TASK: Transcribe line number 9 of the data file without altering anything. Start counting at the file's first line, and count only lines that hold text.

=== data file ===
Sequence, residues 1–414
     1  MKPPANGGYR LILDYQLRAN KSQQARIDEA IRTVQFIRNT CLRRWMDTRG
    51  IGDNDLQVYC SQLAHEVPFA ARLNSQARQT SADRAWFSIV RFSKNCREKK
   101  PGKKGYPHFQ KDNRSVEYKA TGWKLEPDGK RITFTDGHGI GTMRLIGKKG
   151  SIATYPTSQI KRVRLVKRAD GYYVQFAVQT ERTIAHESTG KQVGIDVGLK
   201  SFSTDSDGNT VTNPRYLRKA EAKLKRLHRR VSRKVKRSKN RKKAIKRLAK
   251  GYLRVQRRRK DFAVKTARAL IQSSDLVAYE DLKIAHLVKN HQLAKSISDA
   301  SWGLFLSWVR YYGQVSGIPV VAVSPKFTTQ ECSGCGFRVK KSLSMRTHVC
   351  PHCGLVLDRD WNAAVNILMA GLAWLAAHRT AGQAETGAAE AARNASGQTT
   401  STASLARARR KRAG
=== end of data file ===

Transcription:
   351  PHCGLVLDRD WNAAVNILMA GLAWLAAHRT AGQAETGAAE AARNASGQTT